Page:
Sussex students step down from senate

Management would not listen to alternative views, duo state

June 27, 2013

Source: Alamy

Only a mask: many at Sussex see scrutiny as a rubber-stamp exercise

Two undergraduate members of the University of Sussex’s senate have resigned amid continuing controversy over senior management’s engagement with staff and students.

The pair, joined by one union observer, resigned on 14 June from the body responsible for overseeing and approving academic matters at the university.

Lyndsay Burtonshaw and Ross Davidson, two of three undergraduate faculty representatives, said they resigned because they felt redundant in their roles and because of a perceived lack of consultation by senior management, in particular over the outsourcing of 235 estates and catering jobs.

“I’ve not been able to be effective in representing views that oppose the privatisation because management has been so oblique to any sort of opinion that opposes the privatisation agenda,” Ms Burtonshaw told Times Higher Education.

She said that consultation often occurred only after decisions had been made, adding that “management doesn’t seem to consider that student or staff views could have any positive impact on the way it does things”.

‘Degree of truth’

A member of the senate present at the meeting when the students resigned who wished to remain anonymous told THE that when Ms Burtonshaw explained her reasons for going, “it was something that a lot of people in the room felt was fully justified”. The source added that the student’s perception that her views had been treated with a disrespectful attitude had “a degree of truth”.

Many staff now think that senate scrutiny is little more than a “rubber-stamping exercise”, the member added.

The University and College Union’s representative on the senate, a non-voting observer, resigned at the same meeting. She did not want to be named but said that although opportunities for voices to be heard were “plentiful…the one problem is that there is no wish on the part of senior management to listen”.

A Sussex spokeswoman noted that the UCU was due to appoint a new observer in the autumn and that because student representatives are appointed on an annual basis, Ms Burtonshaw’s and Mr Davidson’s terms were coming to an end.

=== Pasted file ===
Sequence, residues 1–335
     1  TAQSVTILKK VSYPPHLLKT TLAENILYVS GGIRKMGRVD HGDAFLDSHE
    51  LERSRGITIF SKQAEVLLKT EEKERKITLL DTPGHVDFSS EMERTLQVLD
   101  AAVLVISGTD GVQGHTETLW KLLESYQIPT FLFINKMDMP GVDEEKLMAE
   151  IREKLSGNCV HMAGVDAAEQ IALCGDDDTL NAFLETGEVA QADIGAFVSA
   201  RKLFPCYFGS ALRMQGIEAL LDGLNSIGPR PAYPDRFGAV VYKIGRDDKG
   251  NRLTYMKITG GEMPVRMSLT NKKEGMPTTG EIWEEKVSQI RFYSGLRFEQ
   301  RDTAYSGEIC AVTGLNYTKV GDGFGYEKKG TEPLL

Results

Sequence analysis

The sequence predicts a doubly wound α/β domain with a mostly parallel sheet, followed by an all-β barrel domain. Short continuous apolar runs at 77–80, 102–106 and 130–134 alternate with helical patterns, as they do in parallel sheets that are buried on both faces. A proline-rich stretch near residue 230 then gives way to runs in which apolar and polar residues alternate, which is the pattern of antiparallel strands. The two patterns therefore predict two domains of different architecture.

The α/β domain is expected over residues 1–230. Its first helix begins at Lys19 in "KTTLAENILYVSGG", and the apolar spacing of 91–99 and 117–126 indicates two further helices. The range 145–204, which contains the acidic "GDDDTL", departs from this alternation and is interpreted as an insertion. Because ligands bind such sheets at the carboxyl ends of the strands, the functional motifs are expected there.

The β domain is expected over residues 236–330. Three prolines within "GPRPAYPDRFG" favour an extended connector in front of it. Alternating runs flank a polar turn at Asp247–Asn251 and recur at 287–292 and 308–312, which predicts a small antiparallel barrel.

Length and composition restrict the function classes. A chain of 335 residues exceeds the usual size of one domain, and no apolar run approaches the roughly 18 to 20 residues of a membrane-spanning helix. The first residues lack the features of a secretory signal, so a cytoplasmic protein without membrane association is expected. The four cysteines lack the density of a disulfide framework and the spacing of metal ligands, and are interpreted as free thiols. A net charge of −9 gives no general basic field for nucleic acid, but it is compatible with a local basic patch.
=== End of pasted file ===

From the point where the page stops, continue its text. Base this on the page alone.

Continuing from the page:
She said that at a senate meeting in April, members voted against a motion proposing to halt the outsourcing process. THE understands that the result was 19 against and 13 for, with five abstentions.

The spokeswoman added that a report by the university’s librarian, Kitty Inglis, found that although the outsourcing process could have been better communicated to the wider campus community, the project was “being conducted appropriately and professionally, and there is strong evidence of good practice”.

Meanwhile, Sussex’s Quality Assurance Agency institutional review, published on 14 June, found that student involvement in quality assurance and enhancement is “strongly embedded in the university’s history and culture, with a well established and substantial volume of staff-student engagement activity”.

However, it also recommends that Sussex “review, improve and, where appropriate, widen the range of mechanisms for all students to make an effective contribution to quality assurance and quality enhancement, by the commencement of the academic year 2014-15”.

elizabeth.gibney@tsleducation.com

You've reached your article limit.

Register to continue

Registration is free and only takes a moment. Once registered you can read a total of 3 articles each month, plus:

  • Sign up for the editor's highlights
  • Receive World University Rankings news first
  • Get job alerts, shortlist jobs and save job searches
  • Participate in reader discussions and post comments
Register

Have your say

Log in or register to post comments

Featured Jobs

Most Commented

Worried man wiping forehead
Two academics explain how to beat some of the typical anxieties associated with a doctoral degree
A group of flamingos and a Marabou stork

A right-wing philosopher in Texas tells John Gill how a minority of students can shut down debates and intimidate lecturers – and why he backs Trump

A face made of numbers looks over a university campus

From personalising tuition to performance management, the use of data is increasingly driving how institutions operate

students use laptops

Researchers say students who use computers score half a grade lower than those who write notes

As the country succeeds in attracting even more students from overseas, a mixture of demographics, ‘soft power’ concerns and local politics help explain its policy